Blanc Cassé

by Paul P.

No one inhabits their interior more than a recluse, and the story of Wilsford Manor’s aesthetic transmogrification is the story of its eccentric tenant’s fifty years of staying in. It is a picture of an interior as palimpsest, of personality superseding style, and a domestic total work of art. Stephen Tennant was the archetypical consumptive—a published poet in his teens and ethereally beautiful. During the 1920s, he was the guiding spirit of the interwar phenomenon of the Bright Young People—a mostly aristocratic section of the “Lost Generation”—famous for their mania for novelty, parties, costume, tabloid notoriety, their characteristic hyperbolic shrieking speech adopted to rise above the giddy din of jazz bands and gramophones, their ironic Victoriana, and their ultramodernism. The hiccuping ebullience of those who came of age too late had an almost premonitory energy ahead of the next war to come, and Stephen, who seemed the most destined to expire, would outlive almost all of his contemporaries, sustained as a bedridden recluse, with Wilsford Manor his reliquary.

In 1930, at age twenty-four Stephen inherited Wilsford Manor, a 1906 arts and crafts–style house by Detmar Blow in Wiltshire, England. After divesting the place of its William Morris decor and other trappings of his mother’s aristocratic bohemianism, an introduction from his own young society protégé, the photographer Cecil Beaton, led Stephen to the interior decorator Syrie Maugham. Middle-aged and recently divorced from her husband, the great gay novelist W. Somerset Maugham, Syrie was in her prime. Extravagant and energetic, she had not only invented her métier—decorating was then undertaken by firms without any pretentions to art, and it was not considered appropriate work for a woman—but had also succeeded in making her radical luxury style London’s foremost choice.

Sharing a passionate fondness for seashells, Syrie and Stephen co-conceived a nautical iteration of Syrie’s quintessential harmony of white on white. Her style, often called Vogue Regency, was a broadly expressed trumping of decorative over intrinsic value that increased in chic as the rooms grew to approximate stage sets. For Wilsford Manor: Venetian grotto furniture, nautical moldings of rope effect, side tables with legs of seahorse and barnacle motifs, waves of pearlescent satin draperies, and limed and whitewashed 19th-century pieces set amidst the clean white walls of the spacious rooms.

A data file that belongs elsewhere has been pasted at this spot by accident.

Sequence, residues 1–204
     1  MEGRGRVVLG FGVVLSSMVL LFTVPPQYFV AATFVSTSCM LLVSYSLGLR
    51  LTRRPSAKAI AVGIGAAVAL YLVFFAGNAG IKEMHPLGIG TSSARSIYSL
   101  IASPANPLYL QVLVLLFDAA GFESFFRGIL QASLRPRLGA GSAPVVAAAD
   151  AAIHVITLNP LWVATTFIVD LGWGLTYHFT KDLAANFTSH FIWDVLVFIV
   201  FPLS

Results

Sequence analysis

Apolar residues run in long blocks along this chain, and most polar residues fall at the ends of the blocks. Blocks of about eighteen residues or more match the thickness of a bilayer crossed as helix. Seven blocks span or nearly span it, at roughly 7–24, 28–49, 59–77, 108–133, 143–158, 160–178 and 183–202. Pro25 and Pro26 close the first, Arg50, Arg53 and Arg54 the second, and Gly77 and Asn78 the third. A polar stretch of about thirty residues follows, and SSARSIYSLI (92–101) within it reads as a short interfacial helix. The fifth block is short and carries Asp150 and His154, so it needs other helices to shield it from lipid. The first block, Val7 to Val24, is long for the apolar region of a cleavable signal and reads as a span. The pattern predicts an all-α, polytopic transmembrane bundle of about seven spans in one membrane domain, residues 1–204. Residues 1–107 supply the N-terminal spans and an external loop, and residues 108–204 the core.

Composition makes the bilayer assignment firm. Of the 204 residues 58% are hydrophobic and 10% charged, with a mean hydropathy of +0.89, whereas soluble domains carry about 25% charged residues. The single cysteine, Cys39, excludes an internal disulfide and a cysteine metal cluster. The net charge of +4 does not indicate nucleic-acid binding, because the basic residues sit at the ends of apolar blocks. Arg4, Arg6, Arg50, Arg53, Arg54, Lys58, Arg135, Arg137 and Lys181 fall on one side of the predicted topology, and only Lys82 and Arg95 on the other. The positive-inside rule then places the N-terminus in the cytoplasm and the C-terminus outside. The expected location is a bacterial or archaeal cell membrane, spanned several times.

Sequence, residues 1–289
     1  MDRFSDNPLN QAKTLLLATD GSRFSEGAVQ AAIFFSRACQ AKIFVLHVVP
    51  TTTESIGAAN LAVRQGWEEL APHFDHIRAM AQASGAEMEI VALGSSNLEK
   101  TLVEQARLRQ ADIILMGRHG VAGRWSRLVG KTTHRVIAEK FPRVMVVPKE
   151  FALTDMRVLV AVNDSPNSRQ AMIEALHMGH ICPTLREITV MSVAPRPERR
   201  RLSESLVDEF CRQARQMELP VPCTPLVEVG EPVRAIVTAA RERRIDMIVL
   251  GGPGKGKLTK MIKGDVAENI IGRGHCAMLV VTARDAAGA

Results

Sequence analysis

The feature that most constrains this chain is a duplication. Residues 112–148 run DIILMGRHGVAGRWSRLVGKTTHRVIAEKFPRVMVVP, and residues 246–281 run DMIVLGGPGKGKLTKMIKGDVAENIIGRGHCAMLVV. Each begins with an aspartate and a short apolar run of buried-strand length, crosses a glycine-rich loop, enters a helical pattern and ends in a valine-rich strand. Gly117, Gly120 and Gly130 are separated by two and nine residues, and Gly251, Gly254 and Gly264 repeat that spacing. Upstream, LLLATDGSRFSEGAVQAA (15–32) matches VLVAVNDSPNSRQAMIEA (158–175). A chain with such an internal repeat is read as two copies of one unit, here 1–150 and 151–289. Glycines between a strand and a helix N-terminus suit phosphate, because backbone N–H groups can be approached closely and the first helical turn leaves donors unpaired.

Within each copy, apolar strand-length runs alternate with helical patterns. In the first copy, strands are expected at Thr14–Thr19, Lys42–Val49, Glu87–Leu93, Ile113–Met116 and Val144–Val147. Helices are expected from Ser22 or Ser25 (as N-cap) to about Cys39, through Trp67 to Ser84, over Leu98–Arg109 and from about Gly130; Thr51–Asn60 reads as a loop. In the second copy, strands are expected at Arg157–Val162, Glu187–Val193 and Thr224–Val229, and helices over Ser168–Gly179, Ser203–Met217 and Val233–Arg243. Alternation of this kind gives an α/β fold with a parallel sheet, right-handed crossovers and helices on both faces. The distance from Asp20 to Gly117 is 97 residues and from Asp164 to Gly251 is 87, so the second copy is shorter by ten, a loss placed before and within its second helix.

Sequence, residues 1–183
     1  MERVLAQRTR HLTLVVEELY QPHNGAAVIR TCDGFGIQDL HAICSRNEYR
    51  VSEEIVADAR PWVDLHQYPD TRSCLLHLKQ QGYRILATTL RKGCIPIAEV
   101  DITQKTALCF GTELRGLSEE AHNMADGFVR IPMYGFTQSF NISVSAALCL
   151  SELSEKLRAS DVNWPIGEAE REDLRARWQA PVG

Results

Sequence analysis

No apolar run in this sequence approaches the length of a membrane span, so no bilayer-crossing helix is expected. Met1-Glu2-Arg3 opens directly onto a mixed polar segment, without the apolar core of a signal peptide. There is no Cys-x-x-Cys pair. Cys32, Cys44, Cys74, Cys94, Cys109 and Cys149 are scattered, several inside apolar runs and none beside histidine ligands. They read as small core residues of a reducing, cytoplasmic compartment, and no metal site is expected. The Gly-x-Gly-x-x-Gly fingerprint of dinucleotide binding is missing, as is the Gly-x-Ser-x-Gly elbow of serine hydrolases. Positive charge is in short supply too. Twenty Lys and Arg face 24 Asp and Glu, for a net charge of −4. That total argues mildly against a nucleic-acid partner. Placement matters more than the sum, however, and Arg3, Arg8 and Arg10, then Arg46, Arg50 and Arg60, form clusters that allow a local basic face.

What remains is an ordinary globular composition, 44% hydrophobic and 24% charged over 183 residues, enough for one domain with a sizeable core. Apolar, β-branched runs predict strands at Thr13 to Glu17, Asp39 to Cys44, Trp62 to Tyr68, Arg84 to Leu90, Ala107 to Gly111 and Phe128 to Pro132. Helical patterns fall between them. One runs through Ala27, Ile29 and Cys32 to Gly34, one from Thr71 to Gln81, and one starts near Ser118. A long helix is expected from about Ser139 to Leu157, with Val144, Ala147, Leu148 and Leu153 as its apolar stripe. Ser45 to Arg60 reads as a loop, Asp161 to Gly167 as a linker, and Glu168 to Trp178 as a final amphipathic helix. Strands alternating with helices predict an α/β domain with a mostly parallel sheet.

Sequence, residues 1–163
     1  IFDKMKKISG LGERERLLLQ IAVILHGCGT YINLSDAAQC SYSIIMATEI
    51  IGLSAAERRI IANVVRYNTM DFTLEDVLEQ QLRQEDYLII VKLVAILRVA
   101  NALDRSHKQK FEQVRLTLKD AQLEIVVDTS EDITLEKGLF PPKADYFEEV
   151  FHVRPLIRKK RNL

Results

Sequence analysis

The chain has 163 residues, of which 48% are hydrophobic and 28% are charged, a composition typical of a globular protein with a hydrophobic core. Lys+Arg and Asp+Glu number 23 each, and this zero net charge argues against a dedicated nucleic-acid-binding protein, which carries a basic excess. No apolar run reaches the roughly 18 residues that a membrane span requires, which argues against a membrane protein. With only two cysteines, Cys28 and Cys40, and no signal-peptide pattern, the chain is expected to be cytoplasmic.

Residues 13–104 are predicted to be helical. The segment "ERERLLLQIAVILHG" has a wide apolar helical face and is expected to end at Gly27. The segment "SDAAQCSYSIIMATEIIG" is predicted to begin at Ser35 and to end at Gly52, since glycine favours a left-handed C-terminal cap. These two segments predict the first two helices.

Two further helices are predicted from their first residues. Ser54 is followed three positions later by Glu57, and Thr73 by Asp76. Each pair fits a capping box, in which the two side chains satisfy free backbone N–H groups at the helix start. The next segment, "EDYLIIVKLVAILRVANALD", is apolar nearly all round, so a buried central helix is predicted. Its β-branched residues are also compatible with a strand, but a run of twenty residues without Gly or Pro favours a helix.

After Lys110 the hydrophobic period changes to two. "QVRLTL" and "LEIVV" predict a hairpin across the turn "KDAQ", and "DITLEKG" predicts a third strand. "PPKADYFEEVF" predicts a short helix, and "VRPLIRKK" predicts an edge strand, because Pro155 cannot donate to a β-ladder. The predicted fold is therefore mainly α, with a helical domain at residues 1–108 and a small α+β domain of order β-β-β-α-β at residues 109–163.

Left in his gorgeous rooms, Stephen seemed to conform to his acquaintance Cyril Connolly’s adage “Whom the gods wish to destroy they first call promising,” alternating between deep languishing and fevered scheming; his unwritten novel, Lascar: A Story of the Maritime Boulevards, amounted to little more than exquisitely drawn frontispieces. As years passed, Stephen’s exotic fascinations became lichen on Syrie’s alabaster. Her chic white became a receptive support onto which a rococo of color and ornament was progressively heaped, making still lifes out of the interiors—nautilus, coral, fishnets, loggia and fountains, a reptilery, vast varieties of lilies (real and artificial), baskets of snowdrops, satins in all the hues of sunset, large straw hats (like ghosts from lost weekends) hung on the newel-posts of the staircase meant for the descending entrance, sketches by Beaton and Pavel Tchelitchew, French postcards and rose petals littering the skin rugs, ad infinitum: all creating the riot of arcana and paraphernalia of the self-imposed prisoner in his solitary glamour. 

Paul P. is a Canadian artist living in Paris.

Images: ©The Cecil Beaton Studio Archive at Sotheby’s.